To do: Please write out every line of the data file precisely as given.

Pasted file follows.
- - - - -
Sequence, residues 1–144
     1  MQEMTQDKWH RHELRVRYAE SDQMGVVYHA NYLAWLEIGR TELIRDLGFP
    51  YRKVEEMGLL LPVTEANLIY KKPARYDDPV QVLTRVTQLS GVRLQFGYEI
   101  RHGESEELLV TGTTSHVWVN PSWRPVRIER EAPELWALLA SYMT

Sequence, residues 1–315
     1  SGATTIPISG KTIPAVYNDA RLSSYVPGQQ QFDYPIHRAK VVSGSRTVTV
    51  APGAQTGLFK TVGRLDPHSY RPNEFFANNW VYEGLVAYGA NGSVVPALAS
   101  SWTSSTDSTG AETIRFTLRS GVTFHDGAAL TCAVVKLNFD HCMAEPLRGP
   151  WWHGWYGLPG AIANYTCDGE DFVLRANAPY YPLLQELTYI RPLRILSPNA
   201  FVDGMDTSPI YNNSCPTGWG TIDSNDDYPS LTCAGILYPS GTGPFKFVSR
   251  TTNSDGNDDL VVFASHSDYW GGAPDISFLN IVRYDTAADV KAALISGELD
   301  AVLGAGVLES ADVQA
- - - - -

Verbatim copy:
Sequence, residues 1–144
     1  MQEMTQDKWH RHELRVRYAE SDQMGVVYHA NYLAWLEIGR TELIRDLGFP
    51  YRKVEEMGLL LPVTEANLIY KKPARYDDPV QVLTRVTQLS GVRLQFGYEI
   101  RHGESEELLV TGTTSHVWVN PSWRPVRIER EAPELWALLA SYMT

Sequence, residues 1–315
     1  SGATTIPISG KTIPAVYNDA RLSSYVPGQQ QFDYPIHRAK VVSGSRTVTV
    51  APGAQTGLFK TVGRLDPHSY RPNEFFANNW VYEGLVAYGA NGSVVPALAS
   101  SWTSSTDSTG AETIRFTLRS GVTFHDGAAL TCAVVKLNFD HCMAEPLRGP
   151  WWHGWYGLPG AIANYTCDGE DFVLRANAPY YPLLQELTYI RPLRILSPNA
   201  FVDGMDTSPI YNNSCPTGWG TIDSNDDYPS LTCAGILYPS GTGPFKFVSR
   251  TTNSDGNDDL VVFASHSDYW GGAPDISFLN IVRYDTAADV KAALISGELD
   301  AVLGAGVLES ADVQA